On any given day during the 2013 fall semester, you may have noticed a student, faculty or staff member reading Arcadia, a book by The New York Times best-selling author Lauren Groff.
Queens has long offered a summer read for incoming freshmen geared toward creating a shared intellectual experience and inspiring conversation.
This school year, for the first time, Queens created a new program that allowed the entire Queens community the chance to engage in this type of experience. And another first: Arcadia was written by faculty member Lauren Groff, an instructor in Queens' MFA program. Her critically acclaimed book follows the journey of Bit Stone, born in the late 1960s on an upstate New York commune.
"The book has fostered an even greater sense of community on an already closely connected campus. It really struck a chord. I think there’s something powerful for people at Queens to be talking about being in community with one another."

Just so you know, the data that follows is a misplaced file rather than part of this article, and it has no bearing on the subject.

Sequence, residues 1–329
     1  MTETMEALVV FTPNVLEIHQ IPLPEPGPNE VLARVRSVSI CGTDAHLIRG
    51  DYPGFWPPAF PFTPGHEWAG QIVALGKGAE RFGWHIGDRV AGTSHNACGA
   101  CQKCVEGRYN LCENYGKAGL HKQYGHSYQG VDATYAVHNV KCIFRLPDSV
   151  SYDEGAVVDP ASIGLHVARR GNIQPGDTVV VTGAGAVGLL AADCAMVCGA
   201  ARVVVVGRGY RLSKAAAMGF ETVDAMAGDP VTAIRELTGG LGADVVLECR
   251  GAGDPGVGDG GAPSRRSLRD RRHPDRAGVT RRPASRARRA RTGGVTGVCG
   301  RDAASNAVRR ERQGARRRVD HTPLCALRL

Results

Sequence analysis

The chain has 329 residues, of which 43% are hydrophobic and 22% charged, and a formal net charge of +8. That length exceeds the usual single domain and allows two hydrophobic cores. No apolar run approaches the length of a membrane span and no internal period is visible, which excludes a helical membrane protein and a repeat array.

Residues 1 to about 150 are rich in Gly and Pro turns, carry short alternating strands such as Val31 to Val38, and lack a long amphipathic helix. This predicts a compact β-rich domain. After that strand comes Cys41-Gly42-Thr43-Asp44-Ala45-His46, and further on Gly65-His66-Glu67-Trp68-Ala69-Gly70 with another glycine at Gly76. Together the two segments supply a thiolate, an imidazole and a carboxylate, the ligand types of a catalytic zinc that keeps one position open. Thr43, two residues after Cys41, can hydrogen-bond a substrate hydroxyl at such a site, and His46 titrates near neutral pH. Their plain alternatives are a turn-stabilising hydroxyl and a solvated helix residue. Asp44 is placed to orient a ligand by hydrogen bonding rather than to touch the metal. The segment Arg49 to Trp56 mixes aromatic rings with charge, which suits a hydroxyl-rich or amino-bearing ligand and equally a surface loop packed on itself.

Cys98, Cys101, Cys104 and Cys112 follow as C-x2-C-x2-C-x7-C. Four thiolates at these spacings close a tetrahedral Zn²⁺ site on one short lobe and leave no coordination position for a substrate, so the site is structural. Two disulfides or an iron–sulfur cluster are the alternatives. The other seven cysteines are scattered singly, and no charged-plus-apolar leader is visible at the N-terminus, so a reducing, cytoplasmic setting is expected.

- Sarah Fatherly, Associate Provost and Dean of University Programs
Groff came up with the idea for the book after reading about utopias when she was pregnant with her first son, miserable and new to a community where she knew practically nobody. Being immersed in her own "perfect" place was a way to try to work through to her own happiness.
More than 100 students read the novel as part of their curriculum and 70 other students, faculty and staff discussed it in book clubs. Suzanne Cooper Guasco, associate professor of history, lectured on the history of utopian movements, and English Professor Michael Kobre spoke on the connections between popular music and social change. The Board of Trustees discussed Arcadia during its fall meeting.
But what makes a common reading program truly successful? According to Groff you've succeeded "when people have passionate reactions to the book-good and bad-and are invested in communicating their experiences and opinions as clearly and thoughtfully as they can."
At spring convocation, students, faculty and staff were hanging onto every word as Groff read experts from Arcadia. As everyone listened intently, it was clear success had been achieved.